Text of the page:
An engineering professor, a halal grocery shop owner, a civil servant and father of four. These were among the six men gunned down by a French-Canadian nationalist in a Quebec City mosque on Monday evening.
Police reported that 19 people were also wounded during the evening prayers at the Centre Culturel Islamique de Québec (Quebec Islamic Cultural Centre) and that all the men killed had ranged in age from 35 to 70. Thirty-nine people escaped the mosque without injuries.
"We're not talking about a war zone here, we're talking about Quebec," Samer Majzoub, the president of the Canadian-Muslim Forum and a resident of Montreal for 28 years, told Middle East Eye.
"We feel unsafe now. Whether we like it or not it has created a lot of fear in the minds of people… like how did the suspects buy a gun? We're not in the U.S. where you can just buy one from a convenience store."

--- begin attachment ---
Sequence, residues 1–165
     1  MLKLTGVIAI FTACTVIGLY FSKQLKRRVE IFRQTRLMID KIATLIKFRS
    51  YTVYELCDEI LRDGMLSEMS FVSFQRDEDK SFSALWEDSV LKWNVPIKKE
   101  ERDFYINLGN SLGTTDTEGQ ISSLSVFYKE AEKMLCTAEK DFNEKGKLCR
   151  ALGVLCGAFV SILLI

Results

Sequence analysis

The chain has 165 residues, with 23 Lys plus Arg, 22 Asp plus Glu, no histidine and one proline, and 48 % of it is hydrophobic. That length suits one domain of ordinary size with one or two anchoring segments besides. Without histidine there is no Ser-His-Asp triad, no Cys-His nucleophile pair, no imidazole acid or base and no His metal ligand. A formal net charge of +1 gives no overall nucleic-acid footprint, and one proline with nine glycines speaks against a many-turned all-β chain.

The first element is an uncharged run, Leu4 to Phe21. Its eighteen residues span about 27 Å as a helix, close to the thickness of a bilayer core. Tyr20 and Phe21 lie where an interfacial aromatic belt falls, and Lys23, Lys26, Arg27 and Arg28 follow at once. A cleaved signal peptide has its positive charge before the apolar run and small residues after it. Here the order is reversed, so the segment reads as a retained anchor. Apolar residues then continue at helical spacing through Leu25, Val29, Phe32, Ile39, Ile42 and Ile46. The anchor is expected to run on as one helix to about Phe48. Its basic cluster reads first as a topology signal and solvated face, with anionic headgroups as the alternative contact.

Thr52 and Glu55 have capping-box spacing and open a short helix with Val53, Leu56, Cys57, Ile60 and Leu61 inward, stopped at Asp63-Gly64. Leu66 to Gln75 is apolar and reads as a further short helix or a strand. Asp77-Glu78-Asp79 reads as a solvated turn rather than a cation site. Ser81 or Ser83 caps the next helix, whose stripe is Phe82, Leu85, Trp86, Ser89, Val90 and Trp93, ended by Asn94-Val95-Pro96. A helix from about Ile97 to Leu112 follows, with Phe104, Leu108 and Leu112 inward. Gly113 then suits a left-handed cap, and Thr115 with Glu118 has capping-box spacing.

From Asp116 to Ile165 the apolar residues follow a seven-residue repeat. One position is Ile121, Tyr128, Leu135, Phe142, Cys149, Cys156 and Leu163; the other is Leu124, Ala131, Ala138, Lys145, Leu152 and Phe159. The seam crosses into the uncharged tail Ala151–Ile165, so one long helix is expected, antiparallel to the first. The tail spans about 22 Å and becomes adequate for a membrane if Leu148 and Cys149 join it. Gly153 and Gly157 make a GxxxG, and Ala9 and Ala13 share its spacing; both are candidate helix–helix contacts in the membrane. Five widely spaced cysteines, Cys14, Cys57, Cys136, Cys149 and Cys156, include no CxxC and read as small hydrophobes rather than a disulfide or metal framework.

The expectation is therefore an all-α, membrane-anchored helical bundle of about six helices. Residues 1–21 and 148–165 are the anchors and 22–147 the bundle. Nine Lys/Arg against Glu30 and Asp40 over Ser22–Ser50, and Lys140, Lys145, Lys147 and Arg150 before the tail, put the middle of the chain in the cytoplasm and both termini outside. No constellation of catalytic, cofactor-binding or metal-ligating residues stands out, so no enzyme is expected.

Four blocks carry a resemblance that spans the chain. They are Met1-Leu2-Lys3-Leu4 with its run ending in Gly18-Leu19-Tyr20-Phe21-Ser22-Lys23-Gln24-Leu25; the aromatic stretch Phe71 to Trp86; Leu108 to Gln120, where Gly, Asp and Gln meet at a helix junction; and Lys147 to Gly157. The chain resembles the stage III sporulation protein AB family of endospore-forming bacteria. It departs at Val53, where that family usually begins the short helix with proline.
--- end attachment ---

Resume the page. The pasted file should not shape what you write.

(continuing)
The Islamic centre is situated near Quebec City's Laval University and attracted many students to its prayer services, he added.
"I have been getting messages from parents all morning asking whether they should send their children to school," Majzoub said on Monday morning. "We told them 'go ahead.' We cannot surrender to terror and panic."
In the aftermath of the attack, one of the worst ever on Canadian soil, Muslims across Quebec said they felt fearful on a level they had never experienced before. Sayeeda Alibhai, who has lived in Montreal for 42 years, said she was shocked to find armed security guards in front of several mosques she drove past on Monday. "I keep getting visions of it happening to my local mosque, or any of the other ones," she said.
The sight of armed security officers outside of places of worship is far from typical in Canada. One Islamic school and community centre north of Toronto alerted parents that extra safety measures had been taken, including meeting with local police officials and hiring an additional private security guard.